Author Archives: lindyjayne

Steve “Heart-vey”…. amiright?

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The Boy, upon seeing this headline in the local grocery store: “Well…. he’s certainly stolen the hearts of America!”

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MomDay Monday – The Face of Failure

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A picture is worth a thousand words, so they say, but this one leaves me with none. It came up on the Facebook memories of a friend yesterday & he posted it because, as he says, “This one never gets old.”

A little back story: This is The Ex & me at a kindergarten open house for The Boy in 2010. I can’t begin to recall what infraction caused this icy show down. Who knows… someone forgot to do something or did something they weren’t supposed to. I don’t remember. But a year after this was taken, we would be well on our way to divorce.

I can see why our friend finds this funny. On a lot of levels, I do, too & in past years (because he posts it Every. Year.) I laughed along with him. But yesterday it hit me a lot differently. Yesterday, I captioned it “The Beginning of the End.”

At first I wanted to lash out at our friend & write something scathing to him about reminding me what a failure I am at relationships. After writing several drafts of my scathing comment (that I’m grateful I never posted) I stepped back. Lashing out would change nothing. I do fail at relationships. And not just the romantic ones.

Because that’s what bothered me about this picture. For some reason this year’s posting made me take a harder look at my part in my failed relationships. All of them.

That little blondish head staring at me in the bottom of the picture is The Boy. He was 6 at the time. And damned if this picture didn’t make me regret every time I’ve failed him & his sister.

And that’s where I had to stop myself. Yes. I have failed my kids on a number of occasions. I have failed my parents & family, my friends, my coworkers, my bosses… There’s probably a few fellow drivers on the roads in my town who qualify, too. But I can’t wallow in it. All I can do is recognize when I’ve failed & take whatever steps I can to correct it.

And that’s huge. No one wants to admit when they’ve failed let alone do the hard work of fixing their mistakes. It’s easier to sweep them under the rug & hope nobody notices. Taking the blinders off & facing that reality sucks – and makes you want to lash out at your friends for posts that are actually pretty funny. I was going to say that in the past, that was difficult, but hell, it STILL is. Always will be.

But it’s worth it.

PS – That 6-year-old blonde kid in the picture? He’s 13 now. He’s taller than me & I just bought him a men’s size 10 pair of sneakers. He made honor roll, is in a band & was one of 20 kids in his school of 500 who was asked to join Art Club. Despite his long hair & propensity for sweatpants, the failure couldn’t have been that bad.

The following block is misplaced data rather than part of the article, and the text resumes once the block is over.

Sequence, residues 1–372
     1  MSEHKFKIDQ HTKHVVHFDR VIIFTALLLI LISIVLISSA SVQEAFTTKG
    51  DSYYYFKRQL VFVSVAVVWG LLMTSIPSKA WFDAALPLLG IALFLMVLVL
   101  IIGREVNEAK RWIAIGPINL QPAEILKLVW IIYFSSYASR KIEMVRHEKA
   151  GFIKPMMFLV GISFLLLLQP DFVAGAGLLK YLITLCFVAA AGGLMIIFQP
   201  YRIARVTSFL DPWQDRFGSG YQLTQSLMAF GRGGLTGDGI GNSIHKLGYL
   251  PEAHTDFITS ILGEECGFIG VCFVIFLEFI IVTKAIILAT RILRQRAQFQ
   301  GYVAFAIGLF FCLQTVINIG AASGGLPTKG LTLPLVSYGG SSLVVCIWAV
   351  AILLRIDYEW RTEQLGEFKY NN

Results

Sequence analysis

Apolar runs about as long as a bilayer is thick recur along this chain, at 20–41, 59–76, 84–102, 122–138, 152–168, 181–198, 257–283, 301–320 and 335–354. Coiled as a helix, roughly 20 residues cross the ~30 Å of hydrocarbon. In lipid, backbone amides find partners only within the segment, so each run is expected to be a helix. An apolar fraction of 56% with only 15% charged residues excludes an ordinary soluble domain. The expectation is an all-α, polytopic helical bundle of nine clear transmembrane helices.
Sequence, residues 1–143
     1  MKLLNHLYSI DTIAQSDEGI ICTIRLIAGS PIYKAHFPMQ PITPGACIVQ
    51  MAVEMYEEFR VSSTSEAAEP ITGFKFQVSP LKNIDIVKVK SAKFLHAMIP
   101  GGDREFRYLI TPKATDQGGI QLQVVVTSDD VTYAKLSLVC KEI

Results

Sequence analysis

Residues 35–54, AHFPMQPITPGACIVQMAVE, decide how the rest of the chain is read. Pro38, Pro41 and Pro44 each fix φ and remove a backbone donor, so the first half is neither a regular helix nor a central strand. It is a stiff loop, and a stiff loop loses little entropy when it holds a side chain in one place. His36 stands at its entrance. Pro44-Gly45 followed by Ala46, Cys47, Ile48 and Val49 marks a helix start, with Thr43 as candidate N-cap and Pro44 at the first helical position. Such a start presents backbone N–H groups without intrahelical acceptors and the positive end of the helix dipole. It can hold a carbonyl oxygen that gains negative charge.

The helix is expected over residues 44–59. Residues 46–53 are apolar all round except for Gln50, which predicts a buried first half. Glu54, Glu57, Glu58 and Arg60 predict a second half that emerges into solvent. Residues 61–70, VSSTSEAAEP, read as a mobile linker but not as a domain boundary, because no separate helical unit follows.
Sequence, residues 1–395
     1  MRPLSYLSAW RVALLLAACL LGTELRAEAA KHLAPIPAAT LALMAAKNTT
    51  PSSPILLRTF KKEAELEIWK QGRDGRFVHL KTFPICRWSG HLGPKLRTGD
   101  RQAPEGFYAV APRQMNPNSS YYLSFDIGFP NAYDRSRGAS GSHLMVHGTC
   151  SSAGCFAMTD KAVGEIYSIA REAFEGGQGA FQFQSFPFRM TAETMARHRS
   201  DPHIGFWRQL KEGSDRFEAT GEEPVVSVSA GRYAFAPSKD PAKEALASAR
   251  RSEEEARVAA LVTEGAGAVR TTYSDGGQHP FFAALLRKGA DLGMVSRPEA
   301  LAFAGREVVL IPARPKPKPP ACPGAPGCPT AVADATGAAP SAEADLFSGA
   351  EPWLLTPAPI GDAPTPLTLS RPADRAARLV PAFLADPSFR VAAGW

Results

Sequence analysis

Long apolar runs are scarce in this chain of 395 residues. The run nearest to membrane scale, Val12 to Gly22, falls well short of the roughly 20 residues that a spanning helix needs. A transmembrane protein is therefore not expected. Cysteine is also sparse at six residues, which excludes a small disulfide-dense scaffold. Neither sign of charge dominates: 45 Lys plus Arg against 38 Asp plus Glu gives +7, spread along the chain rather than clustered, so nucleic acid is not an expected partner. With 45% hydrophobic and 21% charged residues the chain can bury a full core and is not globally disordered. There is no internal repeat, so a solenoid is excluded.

PPS – At the risk of outing my friend who posts this picture every year, I’m going to direct you to his website. If you want to read an unflinching look at dealing with & overcoming mental illness – the ultimate staring failure in the face & making it blink – read his blog: http://www.theocddiaries.com

 

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MomDay Monday – Wait For It

Today was not a good day.

It was the first day back from school vacation. And the two weeks before that were filled with enough snow days to keep them in school until July (Here’s your red, white & blue outfit, kids. Enjoy your class Fourth of July Party!). Trying to get two teenagers up & out the door on a good day is work enough. Today involved trumpets & a system of weights & pulleys to hoist them out of bed & on their way.

The rest of today’s schedule was:

  • 8:30 am – 5 pm: Woooooooooooooooooork – which was the Monday of all Mondays.
  • 5:30 pm: Get The Boy. Bring him to band practice
  • 6 pm: Get The Girl. Bring her to volunteer program kick off event
  • 6:30 pm: Bring The Boy home
  • 7:15 pm: Bring The Girl home
  • 7:30 pm: Make dinner
  • 8 pm: Ignore laundry
  • 8:05 pm: Open wine
  • 8:06 pm: Ignore world

The Girl’s volunteer kick off event was for a group that run a number of homeless shelters & low-cost housing in our city. She will be working with an after school program for homeless kids. When I went to pick her up from the kick off event, she was nowhere to be found. My heart sank. She has been struggling with anxiety & depression in the past few months & my first thought was that she got overwhelmed by the amount of moms & kids in the room & was hiding somewhere. Instead, I found her crouched on the floor in the back of the room with a little girl about three years old. They were making shapes out of beads & guessing what the other had made. I watched her for a few minutes then looked around the room. It was filled with moms & kids. Moms like me. Kids like mine. Only we were going home to our big house. Our big, not-so-warm-house-but-only-because-I’m-cheap-and-don’t-want-to-turn-up-the-heat house with the cabinets full of food. They… well, they were not. They were going to one of the designated apartments in the building we were in. Or they were going wherever they could. One woman was in her car with her two kids looking for a laundromat. I offered her quarters & we went on our way.

And I was grateful for everything I have. My job. My home. My kids. My crazy life.

And then I came across this on Facebook….

No... Just No.

And I wanted to scream.